This week’s entry for WRITER MONDAY: Why Some TV Shows Fail Before They Start
I’m going to try and stick with my original idea about making Monday a day to discuss the cooler aspects of writing, because, well, that’s how we provide bacon for our table, and I’m the only one who might use enough unnecessary profanity to make it interesting.
Something vaguely historic happened in TV a couple of weeks ago: a show called “Do No Harm” was reported to have the “lowest rated in-season premiere ever of any scripted show on the any of the Big Four networks.” Full disclosure: I’m not only friendly with the show’s creator, but also some of the higher-up execs that made the show possible.
I’ve made a concerted effort not to discuss our work lives on the blog for obvious reasons, and I can state that all the folks involved here are awesome, unfailingly nice, and have great track records. But it’s worth looking at how “Do No Harm” had a big problem before it was ever broadcast.
Lots of industry insiders talk about “lead-ins”, or the show that comes before the show. When we were kids, “All in the Family” was the established lead-in for “M*A*S*H” on Saturday night, which was also the perfect lead-in for “The Mary Tyler Moore Show”. Then came “The Bob Newhart Show” and “Carol Burnett”. Totally perfect programming.
I’ll also add ABC’s Tuesday night line-up in the late 70s just to pique y’all’s collective memory:
8pm “Happy Days”
8:30 “Laverne and Shirley”
9pm “Three’s Company”
Get it? Now forget it, because that had nothing to do with “Do No Harm”, and in fact, the whole concept of a “lead-in” will soon seem as antiquated as haberdasheries and nightsoil collectors. Other proscribed DNH’s failure to an unknown lead, but many huge TV shows had totally unknown actors.
No, I’m going to go against my usual prissy intellectualism and ask that you go further into your reptilian hindbrain, to that unconscious part of yourself that makes snap decisions a million times a day based on instinct and fairy dust. The kind of decisions you don’t even know you’re making, and if asked, you’d respond, “oh, um, I dunno, it just seemed right.”
This is the world, in some ways, where I live. Given that there are so many different ways to be distracted or entertained, the ideas we come up with have to have that instant, ineffable appeal. Three or four seconds into the description of our projects, I want any normal TV or movie lover to reach effortlessly into their childlike love of their favorite shows and say “oh, I’d totally want to have 2 or 3 of those waiting for me on the DVR.”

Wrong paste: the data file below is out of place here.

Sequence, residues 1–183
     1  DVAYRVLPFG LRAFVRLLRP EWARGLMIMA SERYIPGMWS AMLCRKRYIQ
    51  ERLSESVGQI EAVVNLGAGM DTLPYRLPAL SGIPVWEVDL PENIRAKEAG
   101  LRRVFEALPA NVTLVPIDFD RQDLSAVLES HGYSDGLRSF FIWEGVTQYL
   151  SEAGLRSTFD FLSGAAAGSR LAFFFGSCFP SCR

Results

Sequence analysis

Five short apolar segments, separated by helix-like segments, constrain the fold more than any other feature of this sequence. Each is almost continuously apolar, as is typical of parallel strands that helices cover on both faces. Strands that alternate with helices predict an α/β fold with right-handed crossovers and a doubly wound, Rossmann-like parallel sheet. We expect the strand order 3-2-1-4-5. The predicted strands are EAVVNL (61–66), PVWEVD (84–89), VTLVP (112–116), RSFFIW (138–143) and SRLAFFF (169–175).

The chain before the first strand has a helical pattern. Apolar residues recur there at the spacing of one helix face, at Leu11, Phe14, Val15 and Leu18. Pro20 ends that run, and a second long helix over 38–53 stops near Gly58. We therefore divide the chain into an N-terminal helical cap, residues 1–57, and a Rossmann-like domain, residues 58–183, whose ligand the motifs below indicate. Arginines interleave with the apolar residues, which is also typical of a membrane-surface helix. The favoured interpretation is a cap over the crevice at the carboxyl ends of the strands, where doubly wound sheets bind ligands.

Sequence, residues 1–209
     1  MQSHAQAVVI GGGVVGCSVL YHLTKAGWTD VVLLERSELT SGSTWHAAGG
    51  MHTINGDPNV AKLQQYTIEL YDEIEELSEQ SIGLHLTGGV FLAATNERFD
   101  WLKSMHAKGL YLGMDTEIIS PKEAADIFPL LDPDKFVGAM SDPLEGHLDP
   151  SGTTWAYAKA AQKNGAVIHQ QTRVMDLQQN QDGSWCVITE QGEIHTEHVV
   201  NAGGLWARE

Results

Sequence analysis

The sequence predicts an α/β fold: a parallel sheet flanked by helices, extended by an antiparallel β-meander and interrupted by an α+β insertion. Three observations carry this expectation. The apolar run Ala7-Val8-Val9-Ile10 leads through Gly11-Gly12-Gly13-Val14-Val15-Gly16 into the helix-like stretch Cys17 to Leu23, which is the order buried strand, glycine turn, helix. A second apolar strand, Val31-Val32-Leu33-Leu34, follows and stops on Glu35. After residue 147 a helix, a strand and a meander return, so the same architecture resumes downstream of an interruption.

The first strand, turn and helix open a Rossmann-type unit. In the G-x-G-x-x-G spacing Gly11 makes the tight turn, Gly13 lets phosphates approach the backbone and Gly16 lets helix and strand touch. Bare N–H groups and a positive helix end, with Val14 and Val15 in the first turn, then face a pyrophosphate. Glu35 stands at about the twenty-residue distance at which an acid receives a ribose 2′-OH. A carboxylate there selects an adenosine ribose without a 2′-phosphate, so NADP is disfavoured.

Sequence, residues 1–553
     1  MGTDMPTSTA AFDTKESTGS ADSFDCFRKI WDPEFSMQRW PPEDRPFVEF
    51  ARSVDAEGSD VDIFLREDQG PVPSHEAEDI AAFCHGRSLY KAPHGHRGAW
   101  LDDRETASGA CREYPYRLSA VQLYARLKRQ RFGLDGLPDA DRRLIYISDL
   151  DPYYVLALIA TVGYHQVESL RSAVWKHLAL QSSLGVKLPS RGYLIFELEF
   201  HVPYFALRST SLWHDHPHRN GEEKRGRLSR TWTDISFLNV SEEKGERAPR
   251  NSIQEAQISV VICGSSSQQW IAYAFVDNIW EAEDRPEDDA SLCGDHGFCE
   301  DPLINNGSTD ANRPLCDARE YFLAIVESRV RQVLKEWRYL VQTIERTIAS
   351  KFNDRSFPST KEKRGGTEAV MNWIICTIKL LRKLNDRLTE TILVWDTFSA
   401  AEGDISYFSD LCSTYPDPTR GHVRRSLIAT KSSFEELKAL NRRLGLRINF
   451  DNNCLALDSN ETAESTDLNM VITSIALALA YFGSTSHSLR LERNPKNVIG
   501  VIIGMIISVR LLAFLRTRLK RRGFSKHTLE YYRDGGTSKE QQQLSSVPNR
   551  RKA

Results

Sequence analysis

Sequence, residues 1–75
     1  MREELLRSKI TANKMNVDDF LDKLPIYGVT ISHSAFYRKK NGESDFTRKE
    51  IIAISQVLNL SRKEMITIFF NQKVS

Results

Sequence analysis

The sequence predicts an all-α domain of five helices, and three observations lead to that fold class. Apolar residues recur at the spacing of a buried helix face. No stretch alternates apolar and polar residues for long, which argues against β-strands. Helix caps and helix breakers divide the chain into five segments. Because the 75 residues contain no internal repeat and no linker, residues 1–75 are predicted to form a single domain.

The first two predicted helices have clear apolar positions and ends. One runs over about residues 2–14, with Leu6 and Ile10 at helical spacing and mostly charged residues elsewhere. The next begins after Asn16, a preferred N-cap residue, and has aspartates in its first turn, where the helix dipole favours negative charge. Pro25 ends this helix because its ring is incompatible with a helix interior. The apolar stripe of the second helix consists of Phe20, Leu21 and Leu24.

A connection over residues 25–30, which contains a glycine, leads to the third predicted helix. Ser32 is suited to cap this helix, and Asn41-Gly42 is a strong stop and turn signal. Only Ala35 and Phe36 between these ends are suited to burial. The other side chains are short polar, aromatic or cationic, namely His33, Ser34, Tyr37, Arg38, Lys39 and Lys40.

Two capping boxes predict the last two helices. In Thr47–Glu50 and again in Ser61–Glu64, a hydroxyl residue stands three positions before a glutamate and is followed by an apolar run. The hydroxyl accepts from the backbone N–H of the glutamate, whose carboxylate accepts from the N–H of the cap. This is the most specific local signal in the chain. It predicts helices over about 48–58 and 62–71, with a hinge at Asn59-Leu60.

If we find ourselves working on something that seems nice and clever, but doesn’t have that “eyes-slightly-widening” factor at first breath, I know it’s done for. We’ll still get paid to write it, but that’s a quirk of the inefficiency of the process. Tessa and I both know when we’re really on to something, as well as when we’re not.
And herein lay the problem with “Do No Harm”. Here’s the poster for the show, emblazoned on many buses and billboards across Southern California:
In an instant, there’s slight confusion (is the person on his hands the same person as him?) along with a sense of lunacy at a hospital. If you guess, correctly, that it’s about a surgeon with a Jekyll and Hyde multiple personality, you see the inherent pickle and outcome of every episode.
In that split second, you have decided not to watch it, no matter how good it is. There is nothing about the concept, even without the poster, that engages that childlike sense of wonder, and makes you excited for the next one. It’s something of an immediate bummer.
I’m not saying every show has to have an undeniable hook; after all, “ER” was a show about a Chicago emergency room, “Friends” was a show about friends, and “Seinfeld” was a show about four people obsessing over the picayune. Word of mouth can overcome a “bummer” concept, if it’s on cable and allowed time to grow (“Dexter”, “Breaking Bad”).
But some ideas just hit you the wrong way. In many respects, it’s not that far from Malcolm Gladwell’s thesis in Blink, where he talks about “thin-slicing” a judgment from very little information. While “Blink” has not aged well in many fields, it’s dead-on here, since you’ve got one chance to entice a network TV viewer, and if you’re explaining, you’re losing.
My caveat is this: the person making the snap judgment has to love the thing being judged. Only the people who know the feeling of being excited about a show, or looking forward to a movie as a kid – that’s who you want. Tessa and I may have our flaws, we may have odd tastes and prefer complications to tidy bows, but we love stories, and we usually know within 3 microseconds if you will too.